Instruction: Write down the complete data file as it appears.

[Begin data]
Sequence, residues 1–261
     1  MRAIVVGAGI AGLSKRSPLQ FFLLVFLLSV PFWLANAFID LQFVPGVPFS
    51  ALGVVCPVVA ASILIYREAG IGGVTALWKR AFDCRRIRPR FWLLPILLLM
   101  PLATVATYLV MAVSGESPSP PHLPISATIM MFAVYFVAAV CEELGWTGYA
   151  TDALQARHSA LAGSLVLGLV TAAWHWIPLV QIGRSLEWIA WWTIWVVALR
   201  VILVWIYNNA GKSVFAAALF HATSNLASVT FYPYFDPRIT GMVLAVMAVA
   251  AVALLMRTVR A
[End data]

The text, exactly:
Sequence, residues 1–261
     1  MRAIVVGAGI AGLSKRSPLQ FFLLVFLLSV PFWLANAFID LQFVPGVPFS
    51  ALGVVCPVVA ASILIYREAG IGGVTALWKR AFDCRRIRPR FWLLPILLLM
   101  PLATVATYLV MAVSGESPSP PHLPISATIM MFAVYFVAAV CEELGWTGYA
   151  TDALQARHSA LAGSLVLGLV TAAWHWIPLV QIGRSLEWIA WWTIWVVALR
   201  VILVWIYNNA GKSVFAAALF HATSNLASVT FYPYFDPRIT GMVLAVMAVA
   251  AVALLMRTVR A